This week, Jacinth waxes a bit philosophical about a unique aspect of our life on the world of Asheron’s Call as he examines the nature and implications of death (and then life) on Dereth:

In all my travels in all my years, each and every civilization with whom I’ve come into contact has some belief of what happens to us when we die. It’s only natural–death is a strange and frightening thing, and it must be human nature to at least want to believe something occurs after we pass from this mortal coil. Aluvians believe that those of great merit will sit beside the legendary King Pwyll in an eternal banquet of heroes. Some Sho put stock in the idea that the material world is merely one stage of existence and that other, higher realms await those who shed their physical form. And Milanteans–well, perhaps it’s better left up to the imagination what our rather frightening neighbors in Milantos think happens to the dearly departed.

But belief is one thing, and fact is another. Here on Dereth, we know for a fact, after a fashion, what happens to those who pass on. For most of us who meet an untimely end–be it locked in heated battle with an Olthoi, losing footing on the cliffs beneath Ithaenc Cathedral, or misjudging the chances for success of an elixir brew–the Lifestones ensure that death is followed not by a journey through a lighted tunnel as some stories say, but a quick trip through portalspace. While entire religions have been based around the lasting consequences of one’s death, in Dereth those consequences amount to little more than a small loss of Vitae and the need to replace some expensive equipment.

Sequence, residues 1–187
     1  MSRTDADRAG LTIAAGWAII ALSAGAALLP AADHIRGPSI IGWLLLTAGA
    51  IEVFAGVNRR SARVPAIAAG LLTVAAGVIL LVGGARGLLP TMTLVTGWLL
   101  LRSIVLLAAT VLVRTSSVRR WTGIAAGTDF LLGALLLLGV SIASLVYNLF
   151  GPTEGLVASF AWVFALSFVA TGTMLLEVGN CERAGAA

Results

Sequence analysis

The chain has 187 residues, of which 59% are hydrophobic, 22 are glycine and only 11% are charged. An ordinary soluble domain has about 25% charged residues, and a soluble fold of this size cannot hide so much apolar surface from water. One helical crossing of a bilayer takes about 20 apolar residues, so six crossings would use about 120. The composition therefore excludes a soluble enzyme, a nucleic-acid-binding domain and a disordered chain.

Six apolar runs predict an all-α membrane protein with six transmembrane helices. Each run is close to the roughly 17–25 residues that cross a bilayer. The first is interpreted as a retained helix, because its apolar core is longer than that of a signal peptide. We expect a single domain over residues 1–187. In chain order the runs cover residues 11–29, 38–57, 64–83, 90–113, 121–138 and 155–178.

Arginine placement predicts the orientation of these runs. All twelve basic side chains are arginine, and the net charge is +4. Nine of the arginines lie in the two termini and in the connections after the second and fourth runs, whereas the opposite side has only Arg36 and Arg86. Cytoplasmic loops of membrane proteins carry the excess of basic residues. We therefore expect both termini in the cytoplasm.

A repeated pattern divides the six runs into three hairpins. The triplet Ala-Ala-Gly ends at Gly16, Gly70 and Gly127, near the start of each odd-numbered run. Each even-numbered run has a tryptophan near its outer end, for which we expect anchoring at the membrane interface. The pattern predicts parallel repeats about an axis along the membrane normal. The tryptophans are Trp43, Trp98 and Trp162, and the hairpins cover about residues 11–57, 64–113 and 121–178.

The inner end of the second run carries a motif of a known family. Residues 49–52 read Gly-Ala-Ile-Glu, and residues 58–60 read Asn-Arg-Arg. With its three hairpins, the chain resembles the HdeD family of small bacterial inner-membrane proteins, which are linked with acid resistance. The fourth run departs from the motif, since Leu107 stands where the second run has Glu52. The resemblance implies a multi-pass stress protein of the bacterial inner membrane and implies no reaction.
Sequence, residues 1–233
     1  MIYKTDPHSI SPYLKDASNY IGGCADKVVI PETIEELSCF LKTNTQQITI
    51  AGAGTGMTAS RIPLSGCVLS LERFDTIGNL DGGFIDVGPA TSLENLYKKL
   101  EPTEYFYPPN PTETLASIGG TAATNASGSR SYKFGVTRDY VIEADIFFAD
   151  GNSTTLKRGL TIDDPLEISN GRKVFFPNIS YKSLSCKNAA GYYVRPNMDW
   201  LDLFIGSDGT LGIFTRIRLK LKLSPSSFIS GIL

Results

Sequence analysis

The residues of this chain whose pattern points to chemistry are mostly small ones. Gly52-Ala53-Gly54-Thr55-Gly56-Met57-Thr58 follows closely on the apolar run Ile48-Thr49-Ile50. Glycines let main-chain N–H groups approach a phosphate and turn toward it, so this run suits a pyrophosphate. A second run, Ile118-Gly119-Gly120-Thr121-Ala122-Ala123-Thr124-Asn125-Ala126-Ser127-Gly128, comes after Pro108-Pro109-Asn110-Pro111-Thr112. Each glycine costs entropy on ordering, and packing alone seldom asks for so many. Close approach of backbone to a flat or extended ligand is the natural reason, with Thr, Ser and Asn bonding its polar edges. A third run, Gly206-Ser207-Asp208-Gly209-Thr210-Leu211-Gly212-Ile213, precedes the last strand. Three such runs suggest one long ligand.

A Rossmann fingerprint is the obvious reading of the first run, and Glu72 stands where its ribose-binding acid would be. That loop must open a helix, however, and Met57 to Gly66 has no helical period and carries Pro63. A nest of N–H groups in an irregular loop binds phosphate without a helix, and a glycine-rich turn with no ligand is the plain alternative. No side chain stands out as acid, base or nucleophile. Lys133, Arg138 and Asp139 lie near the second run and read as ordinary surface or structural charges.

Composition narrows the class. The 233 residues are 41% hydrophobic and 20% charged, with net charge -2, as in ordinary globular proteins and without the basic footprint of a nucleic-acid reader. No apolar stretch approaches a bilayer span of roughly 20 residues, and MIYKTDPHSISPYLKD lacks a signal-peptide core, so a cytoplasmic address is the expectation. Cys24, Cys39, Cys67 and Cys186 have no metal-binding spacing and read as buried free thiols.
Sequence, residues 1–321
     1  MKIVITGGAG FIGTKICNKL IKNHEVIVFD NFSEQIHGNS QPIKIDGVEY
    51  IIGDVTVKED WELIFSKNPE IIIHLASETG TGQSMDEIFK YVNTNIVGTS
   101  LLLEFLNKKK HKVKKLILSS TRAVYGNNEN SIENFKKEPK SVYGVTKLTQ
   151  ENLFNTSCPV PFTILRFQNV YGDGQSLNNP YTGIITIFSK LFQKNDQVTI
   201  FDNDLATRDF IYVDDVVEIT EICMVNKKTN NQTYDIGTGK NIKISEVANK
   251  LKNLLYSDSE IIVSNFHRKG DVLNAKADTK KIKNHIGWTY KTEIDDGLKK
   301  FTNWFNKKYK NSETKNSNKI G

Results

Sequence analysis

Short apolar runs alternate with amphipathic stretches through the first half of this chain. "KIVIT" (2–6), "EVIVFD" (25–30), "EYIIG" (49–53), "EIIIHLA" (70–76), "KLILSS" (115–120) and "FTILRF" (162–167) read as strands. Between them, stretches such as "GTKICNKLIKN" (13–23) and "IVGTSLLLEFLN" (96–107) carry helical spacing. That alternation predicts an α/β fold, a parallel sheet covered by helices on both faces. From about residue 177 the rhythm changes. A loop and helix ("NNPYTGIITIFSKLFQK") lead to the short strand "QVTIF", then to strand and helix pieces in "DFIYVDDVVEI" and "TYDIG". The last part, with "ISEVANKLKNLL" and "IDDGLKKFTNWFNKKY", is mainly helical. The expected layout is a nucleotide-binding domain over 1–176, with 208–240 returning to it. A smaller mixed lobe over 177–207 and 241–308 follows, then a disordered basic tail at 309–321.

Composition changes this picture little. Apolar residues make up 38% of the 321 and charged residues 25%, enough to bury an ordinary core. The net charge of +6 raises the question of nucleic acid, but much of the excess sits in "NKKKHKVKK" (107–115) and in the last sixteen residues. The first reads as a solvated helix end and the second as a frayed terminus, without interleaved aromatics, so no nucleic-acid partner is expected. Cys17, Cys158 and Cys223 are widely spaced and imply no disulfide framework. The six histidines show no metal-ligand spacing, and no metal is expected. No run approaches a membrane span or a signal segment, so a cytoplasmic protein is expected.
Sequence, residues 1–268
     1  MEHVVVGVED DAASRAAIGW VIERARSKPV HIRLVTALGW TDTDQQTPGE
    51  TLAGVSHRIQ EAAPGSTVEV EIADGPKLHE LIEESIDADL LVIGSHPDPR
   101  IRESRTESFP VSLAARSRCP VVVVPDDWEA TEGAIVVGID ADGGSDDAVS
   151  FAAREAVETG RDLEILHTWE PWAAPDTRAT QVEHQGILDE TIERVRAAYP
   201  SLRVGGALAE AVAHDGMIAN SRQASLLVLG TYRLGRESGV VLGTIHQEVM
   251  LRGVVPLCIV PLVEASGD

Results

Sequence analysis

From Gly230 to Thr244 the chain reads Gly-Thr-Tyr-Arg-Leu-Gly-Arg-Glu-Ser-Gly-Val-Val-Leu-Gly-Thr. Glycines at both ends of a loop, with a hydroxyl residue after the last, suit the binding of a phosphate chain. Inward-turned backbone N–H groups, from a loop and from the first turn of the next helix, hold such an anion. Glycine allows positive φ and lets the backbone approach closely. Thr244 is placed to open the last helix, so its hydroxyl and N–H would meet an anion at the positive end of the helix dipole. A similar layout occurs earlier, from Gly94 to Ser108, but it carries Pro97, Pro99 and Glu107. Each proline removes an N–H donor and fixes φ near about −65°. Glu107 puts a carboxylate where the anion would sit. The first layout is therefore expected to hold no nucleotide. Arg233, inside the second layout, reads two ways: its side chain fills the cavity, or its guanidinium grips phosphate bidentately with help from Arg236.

Of course, a trip to the Lifestone is only the fate of the lucky on this world; there are other, far more dire fates that await many of the dead on Auberean. Once merely the antagonists in many a midnight tale told to frighten children, the walking undead have been proven to be very real to those who have met them in battle. Most are the remnants of the ancient races of Dericost and Falatacot; many are those who, like Leikotha or the inhabitants of Aerlinthe Island, who have been transformed against their will; and some are the unfortunate souls who were resurrected by the Lifestones, not in their original form, but as a rotting corpse. Still others also drift across the world in undeath, but in a less tangible state; those like the spectral prisoners of Lady Aerfalle or the Falatacot priestesses exist as mere shades of their former selves, unable to affect the world in a meaningful way, but unable to move on to find their eternal rest.

There are those that say that here on Dereth, death has little sting. Whether one returns to their Lifestone or becomes a walking corpse, their so-called eternal rest will likely prove rather fleeting. Perhaps this strange world of ours is asking us to change our old beliefs of death as something to be feared and hated. After all, facing the likes of Grael, the Virindi, and an unending series of battles with no warrior’s death or respite in sight, can it not be said that life, not death, is the more fearful state of existence?[/blockquot]

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